I wish I could tell you I had an epiphany one day…
sitting on a tropical beach or eating Pho Ba in Hanoi.
But it wasn´t like that.
I was 12 when I first traveled outside of the United States with my father and brother to Israel. I still remember the smells and sounds of a place where even the air felt completely different from everything I had ever known. What is a falafel? Why are those men all dressed in black in this heat? Why do I have to take my shoes off to enter this mosque? There´s a sea that has so much salt that you can float effortlessly? Really???
When I returned home, I won a writing contest for an essay I submitted about the Holocaust museum I had visited while in Israel.
This is where my love of travel and writing collided.
Years later I celebrated my high school graduation by taking my first solo vacation as an ´´adult´´: a road trip from New Jersey to Florida. There was a certain freedom in letting the warm air whip through the open windows, singing at the top of my lungs, making my own decisions about what to eat, where to go, who to talk to.
And when I finished college I flew to the farthest place I could: Australia.
For three months I slept under the stars in the Outback, swam with sharks in the Great Barrier Reef and watched wallabies (rather than squirrels) sneak into a friend´s backyard for a snack.
The next logical step would have been a life abroad, traveling and working around the world.
I spent the next 17 years working at a desk. Answering to a boss. Missing warm spring days as I raced towards deadlines. Don´t get me wrong. My career as a financial news producer for the biggest names and talent in the industry was an unforgettable experience and helped shape the detail and goal-oriented person I am today. And in between jobs I was able to take longer jaunts to India and Southeast Asia.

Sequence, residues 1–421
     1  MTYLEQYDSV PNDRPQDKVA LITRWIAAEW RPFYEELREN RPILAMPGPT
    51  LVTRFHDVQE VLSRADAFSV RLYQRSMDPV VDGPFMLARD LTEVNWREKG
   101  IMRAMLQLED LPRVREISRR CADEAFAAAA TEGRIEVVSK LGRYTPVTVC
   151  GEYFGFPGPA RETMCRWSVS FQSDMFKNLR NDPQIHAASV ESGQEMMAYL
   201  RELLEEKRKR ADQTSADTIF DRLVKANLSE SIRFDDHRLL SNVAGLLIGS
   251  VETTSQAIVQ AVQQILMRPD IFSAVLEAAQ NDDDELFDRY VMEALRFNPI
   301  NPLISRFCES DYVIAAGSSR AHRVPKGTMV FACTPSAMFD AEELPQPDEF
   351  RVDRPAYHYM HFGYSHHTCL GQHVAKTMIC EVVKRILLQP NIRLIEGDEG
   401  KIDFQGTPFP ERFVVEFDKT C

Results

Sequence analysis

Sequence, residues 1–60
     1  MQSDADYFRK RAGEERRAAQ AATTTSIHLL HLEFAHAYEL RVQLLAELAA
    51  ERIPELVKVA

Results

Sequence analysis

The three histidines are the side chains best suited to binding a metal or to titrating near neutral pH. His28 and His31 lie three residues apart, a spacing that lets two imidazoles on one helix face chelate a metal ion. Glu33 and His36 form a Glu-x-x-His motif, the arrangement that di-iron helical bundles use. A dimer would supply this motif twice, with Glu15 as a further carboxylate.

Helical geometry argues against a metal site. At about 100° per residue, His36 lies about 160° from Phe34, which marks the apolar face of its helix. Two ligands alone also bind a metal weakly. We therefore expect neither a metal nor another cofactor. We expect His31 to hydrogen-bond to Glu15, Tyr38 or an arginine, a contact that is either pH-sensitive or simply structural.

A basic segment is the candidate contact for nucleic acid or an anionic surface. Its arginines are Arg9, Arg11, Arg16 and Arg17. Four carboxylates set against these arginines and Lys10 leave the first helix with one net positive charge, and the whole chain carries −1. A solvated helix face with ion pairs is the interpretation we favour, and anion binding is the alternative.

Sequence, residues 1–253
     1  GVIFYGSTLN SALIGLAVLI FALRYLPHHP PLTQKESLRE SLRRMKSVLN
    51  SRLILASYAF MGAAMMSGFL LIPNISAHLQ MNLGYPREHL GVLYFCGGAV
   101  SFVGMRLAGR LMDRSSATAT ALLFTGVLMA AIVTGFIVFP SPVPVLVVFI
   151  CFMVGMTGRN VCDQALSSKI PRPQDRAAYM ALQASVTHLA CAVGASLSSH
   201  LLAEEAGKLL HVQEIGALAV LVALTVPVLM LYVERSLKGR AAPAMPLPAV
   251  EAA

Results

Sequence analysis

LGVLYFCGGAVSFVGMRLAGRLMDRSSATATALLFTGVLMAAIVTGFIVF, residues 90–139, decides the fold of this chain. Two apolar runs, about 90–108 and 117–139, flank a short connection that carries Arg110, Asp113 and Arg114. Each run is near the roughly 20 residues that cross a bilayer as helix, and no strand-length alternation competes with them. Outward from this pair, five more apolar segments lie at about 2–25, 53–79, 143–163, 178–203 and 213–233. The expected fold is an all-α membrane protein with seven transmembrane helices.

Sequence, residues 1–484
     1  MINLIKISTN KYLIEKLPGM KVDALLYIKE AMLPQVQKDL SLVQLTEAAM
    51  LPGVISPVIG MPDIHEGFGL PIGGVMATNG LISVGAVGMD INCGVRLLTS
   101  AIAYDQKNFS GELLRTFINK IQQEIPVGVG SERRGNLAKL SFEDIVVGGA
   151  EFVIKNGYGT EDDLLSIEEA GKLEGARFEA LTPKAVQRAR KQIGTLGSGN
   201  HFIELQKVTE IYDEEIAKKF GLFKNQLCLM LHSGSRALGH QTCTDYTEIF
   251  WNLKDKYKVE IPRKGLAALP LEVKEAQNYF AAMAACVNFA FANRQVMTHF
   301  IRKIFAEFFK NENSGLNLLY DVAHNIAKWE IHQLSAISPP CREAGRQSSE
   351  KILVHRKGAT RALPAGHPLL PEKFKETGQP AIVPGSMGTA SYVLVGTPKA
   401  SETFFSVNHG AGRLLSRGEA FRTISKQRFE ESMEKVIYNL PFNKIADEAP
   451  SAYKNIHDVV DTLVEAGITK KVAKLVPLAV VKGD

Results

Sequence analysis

But mostly I lived within the constraints of corporate America´s limited vacation policy, thinking: Why am I not traveling more? Why am I not living abroad? Why are my toes not free to wiggle and breathe?
The answers were always the same and very convincing. Not enough money. Too much debt. Too many responsibilities at home. No longer 21 years old and carefree. Who will take care of Hamlet? What will I do with my apartment? All of my stuff? How will I fight off the Negative Nellies that didn´t want me to stray far from home?
Then one day I just changed my mind. Just like that.
There was no great epiphany. I didn´t have a near-death experience. No life-alterting vision. I didn´t win the lottery.
One day I simply started siphoning a VERY small portion of my paycheck to a separate account… and the next I was quitting my job and moving to Brazil. I didn´t save a fortune. Just enough to enjoy moving about in places that were a bit cheaper to live and eat than New York City. And I changed my mind about what I NEEDED versus what I WANTED.
In between, I took a CELTA certification course at Teaching House that was challenging and awakened a part of my brain that had been long since dormant. I spent A LOT of time reading travel blogs for inspiration and courage. And I´m forever grateful to those brave individuals that went before me. It´s because of them that I went from thinking ´´no way´´ to ´´if they can do it…´´
Now that I´m on the other side, I can confirm that what they all said was true:
The hardest part about traveling long term, moving abroad, making a big life-change is making the actual conscious decision to do it.
After that, everything else is easy.